Slowly but surely, Martin, Frasier and Niles build a life together as the loving and supportive family unit you might remember. There are still growing pains throughout the series – in “Chess Pains,” for instance, Frasier can’t stand the idea that Martin keeps beating him in chess, refusing to acknowledge that, as a detective, Martin is smart as hell – just in a different way than his sons. But maybe the best example of the Crane men’s family dynamic comes in season five’s “The Gift Horse.” Martin is celebrating his 65th birthday, and in a standard display of sibling rivalry, Frasier and Niles keep trying to one-up the other to get their father the best possible gift. The whole thing is a delight and they’re both at the top of their game. Frasier is even driven to purchasing a ridiculously huge big-screen TV, but still comes up short when Niles tracks down Martin’s old mounted patrol companion:
Niles: He certainly did love that horse.
Frasier: You can only live in denial for so long before you…
Frasier: You didn’t?!
Niles: Didn’t what? Buy the horse? Sorry, did!
The set up is perfection, especially because, amongst all the killer jokes, everything points back to fundamental insecurities within all three of the Crane men. Frasier and Niles are desperate for their father’s approval and love, projecting it all onto the perfect gift because “somehow, finding the right present will magically change everything.” Frasier is even willing to sacrifice his beloved interior design for the cause, once again proving that he’ll upend his own life to make his father more comfortable. Niles, ever the younger brother, can’t bear to let Frasier win. Meanwhile Martin, finally reunited with his old horse Agides, is struck by how much his companion has aged and gets knocked out by his own mortality. Finally, they all come to a head in Agides’ stable, while Frasier and Niles eavesdrop on Martin:
Martin: We were something, weren’t we Agides, huh? Riding crowd control. People’d just step aside to let us pass. Now, they’re putting you out to pasture and I’m riding the buses. It’s fun getting old, isn’t it? Hey, this is a nice place here, you know. I bet you’re really going to like it here. And you know, if you don’t like it here, then we’ll do what we said we would. We’ll just go to Montana, start a ranch. You know, we still got all that money we took from those drug dealers buried in the old box canyon!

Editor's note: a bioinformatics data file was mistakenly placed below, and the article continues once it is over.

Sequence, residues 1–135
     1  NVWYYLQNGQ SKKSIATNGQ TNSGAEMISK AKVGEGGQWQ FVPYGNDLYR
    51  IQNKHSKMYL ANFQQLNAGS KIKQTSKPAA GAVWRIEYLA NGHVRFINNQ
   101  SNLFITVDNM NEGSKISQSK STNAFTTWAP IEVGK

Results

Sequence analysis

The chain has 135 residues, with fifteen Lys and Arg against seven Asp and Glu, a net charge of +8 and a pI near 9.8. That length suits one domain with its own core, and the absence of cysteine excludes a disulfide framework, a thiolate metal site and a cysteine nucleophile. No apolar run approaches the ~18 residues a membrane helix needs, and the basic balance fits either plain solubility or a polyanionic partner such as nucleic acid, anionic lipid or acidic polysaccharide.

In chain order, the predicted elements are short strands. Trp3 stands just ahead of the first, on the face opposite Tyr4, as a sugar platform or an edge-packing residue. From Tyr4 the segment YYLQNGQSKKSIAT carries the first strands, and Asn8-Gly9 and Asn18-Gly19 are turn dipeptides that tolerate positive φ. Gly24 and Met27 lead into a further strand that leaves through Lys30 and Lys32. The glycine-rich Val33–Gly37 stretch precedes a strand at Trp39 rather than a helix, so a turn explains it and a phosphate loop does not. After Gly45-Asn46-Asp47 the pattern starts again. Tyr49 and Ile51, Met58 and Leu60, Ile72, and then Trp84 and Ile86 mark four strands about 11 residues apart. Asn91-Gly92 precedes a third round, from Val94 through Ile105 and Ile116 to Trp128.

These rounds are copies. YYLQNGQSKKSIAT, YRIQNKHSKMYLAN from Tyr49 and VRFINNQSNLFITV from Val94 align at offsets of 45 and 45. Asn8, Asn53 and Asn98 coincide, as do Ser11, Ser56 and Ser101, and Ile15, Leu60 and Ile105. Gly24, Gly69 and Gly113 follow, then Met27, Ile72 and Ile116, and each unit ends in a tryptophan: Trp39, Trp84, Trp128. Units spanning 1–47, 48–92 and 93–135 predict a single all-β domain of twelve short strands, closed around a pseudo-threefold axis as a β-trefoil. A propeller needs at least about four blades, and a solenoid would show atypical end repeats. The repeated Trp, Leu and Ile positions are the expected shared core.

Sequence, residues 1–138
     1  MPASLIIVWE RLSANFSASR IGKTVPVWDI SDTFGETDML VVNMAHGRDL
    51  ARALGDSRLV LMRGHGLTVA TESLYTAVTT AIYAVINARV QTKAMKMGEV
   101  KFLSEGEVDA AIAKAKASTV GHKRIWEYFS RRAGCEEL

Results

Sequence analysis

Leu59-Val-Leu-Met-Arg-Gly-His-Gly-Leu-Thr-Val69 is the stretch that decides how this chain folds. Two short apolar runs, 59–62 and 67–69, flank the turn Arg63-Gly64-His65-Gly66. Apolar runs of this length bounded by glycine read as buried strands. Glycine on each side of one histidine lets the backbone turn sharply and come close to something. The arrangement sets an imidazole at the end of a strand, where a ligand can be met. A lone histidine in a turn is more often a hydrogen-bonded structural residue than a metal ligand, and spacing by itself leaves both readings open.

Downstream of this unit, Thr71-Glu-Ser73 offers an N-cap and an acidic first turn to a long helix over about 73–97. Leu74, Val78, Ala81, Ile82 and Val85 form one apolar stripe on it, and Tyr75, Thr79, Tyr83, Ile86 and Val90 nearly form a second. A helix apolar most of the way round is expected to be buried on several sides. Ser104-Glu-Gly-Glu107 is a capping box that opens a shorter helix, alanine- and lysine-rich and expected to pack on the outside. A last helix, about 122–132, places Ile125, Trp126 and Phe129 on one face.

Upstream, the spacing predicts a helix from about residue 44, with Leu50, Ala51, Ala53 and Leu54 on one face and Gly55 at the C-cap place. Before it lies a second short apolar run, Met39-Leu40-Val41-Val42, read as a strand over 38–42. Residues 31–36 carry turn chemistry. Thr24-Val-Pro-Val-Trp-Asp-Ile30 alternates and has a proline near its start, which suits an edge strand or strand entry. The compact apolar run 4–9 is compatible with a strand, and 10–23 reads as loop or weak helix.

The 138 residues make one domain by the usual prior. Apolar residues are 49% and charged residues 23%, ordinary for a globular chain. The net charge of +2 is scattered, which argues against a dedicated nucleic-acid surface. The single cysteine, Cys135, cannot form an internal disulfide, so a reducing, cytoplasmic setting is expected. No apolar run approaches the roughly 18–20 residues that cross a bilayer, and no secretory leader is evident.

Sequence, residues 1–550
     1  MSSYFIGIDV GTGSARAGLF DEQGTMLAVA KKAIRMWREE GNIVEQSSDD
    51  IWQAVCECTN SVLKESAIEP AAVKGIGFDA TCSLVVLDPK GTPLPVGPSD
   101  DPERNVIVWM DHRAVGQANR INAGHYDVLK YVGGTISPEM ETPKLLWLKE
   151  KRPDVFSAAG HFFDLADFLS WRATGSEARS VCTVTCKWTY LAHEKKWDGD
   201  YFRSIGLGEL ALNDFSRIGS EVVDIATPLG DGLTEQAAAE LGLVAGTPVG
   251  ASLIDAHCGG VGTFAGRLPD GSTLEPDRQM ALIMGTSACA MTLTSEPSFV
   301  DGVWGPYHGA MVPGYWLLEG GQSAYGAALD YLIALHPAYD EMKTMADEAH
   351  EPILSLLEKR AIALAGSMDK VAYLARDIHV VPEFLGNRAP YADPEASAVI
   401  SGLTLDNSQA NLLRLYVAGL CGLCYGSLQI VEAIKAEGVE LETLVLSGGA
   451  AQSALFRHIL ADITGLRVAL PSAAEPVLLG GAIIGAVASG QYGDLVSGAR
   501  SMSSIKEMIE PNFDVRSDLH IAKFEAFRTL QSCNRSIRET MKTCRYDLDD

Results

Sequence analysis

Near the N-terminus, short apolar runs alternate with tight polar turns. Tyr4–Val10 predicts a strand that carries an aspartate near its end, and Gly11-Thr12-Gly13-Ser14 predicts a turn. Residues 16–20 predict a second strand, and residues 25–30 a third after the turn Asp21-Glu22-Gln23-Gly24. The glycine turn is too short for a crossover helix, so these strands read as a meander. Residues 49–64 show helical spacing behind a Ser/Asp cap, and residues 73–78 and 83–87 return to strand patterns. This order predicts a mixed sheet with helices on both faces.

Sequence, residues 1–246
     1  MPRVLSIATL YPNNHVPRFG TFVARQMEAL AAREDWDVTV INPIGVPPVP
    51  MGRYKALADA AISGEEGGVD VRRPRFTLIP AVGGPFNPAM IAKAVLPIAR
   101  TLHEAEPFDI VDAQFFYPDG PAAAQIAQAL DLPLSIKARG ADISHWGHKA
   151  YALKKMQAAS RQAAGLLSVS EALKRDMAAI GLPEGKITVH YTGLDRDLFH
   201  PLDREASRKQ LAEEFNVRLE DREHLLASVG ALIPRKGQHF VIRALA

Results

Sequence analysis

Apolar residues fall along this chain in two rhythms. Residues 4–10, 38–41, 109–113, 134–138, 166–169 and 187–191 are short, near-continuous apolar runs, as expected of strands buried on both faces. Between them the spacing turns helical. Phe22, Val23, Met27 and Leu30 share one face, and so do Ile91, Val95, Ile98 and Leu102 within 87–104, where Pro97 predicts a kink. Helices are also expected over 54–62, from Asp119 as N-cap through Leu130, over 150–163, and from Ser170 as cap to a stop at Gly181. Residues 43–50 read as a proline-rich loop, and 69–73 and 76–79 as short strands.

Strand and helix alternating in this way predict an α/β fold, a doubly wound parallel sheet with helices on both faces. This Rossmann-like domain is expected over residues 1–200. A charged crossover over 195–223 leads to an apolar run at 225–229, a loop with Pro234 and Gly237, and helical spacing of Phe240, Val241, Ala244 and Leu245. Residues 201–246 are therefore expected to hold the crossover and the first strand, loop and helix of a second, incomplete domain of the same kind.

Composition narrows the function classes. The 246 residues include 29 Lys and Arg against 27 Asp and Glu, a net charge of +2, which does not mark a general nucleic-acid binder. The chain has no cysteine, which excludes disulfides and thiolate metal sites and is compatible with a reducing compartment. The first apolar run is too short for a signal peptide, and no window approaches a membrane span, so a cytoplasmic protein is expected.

Martin goes on to tell his sons that all he really wants from them is to listen – not to offer advice or push their opinions or education upon him, but to hear him out when he’s feeling scared. But he’s quick to assure Niles, who’s worried that his perfect gift backfired, that he’s never been given a greater gift. And what else is Niles to do?
Because here’s the thing. The Crane boys get their profession, their tastes, their outward natures from their mother. They even get a large part of their tendency towards emotional distance from her, frequently referencing Hester’s motto, “a handshake is as good as a hug.” But Frasier and Niles, under their lovably pretentious surfaces, are honorable men with strong moral compasses. They take their practices seriously, and find real purpose in their work. After all, their professional mission is to help people through their most difficult moments, to be supportive, thoughtful, and dependable confidants for callers and patients alike. Frasier and Niles have integrity, and that, they get from Martin.
Tasting Menu: “The Good Son,” “Beloved Infidel,” “Dukes, We Hardly Knew Ye,” “Breaking the Ice,” “Chess Pains,” “You Can Go Home Again,” “Our Father Whose Art Ain’t Heaven”, “The Gift Horse,” “RDWRER”
“With a grateful shudder, I swore I would never again return to… the NIGHTMARE INN.”
And now, I am pleased to present one of the greatest displays of farcical comedy in sitcom history:
While we’re on the subject, may I state for the record, for the first time and certainly not the last that David Hyde Pierce EARNED his 11 straight Emmy nominations. (Yep, you read that right. He got a nomination for EVERY SINGLE SEASON of Frasier and he deserved all of them.) This is gold and he is perfection. And in the comedic duo of DHP and Kelsey Grammer, Frasier had two of the most talented farcical actors of their generation, ready and waiting to dive into anything the writers could imagine. They took full advantage, and the result is one of the best uses of the genre to originate from this side of the pond.
So what are the greatest farce hits on Frasier? They basically add up to a list of the show’s most beloved episodes. Take, for example, “The Ski Lodge.” This episode is held up as one of the high water marks for the show’s 11 year history, and the whole thing runs like a master class. Roz wins a free weekend at a fancy ski resort but she can’t make the trip, so the whole crew – Frasier, Niles, Martin and Daphne – crashes in her stead. Daphne brings a model friend, the resort provides a hot ski instructor, and Martin’s ears are clogged, leading him to pass along a whole lot of wrong information about who’s into who. Chaos ensues.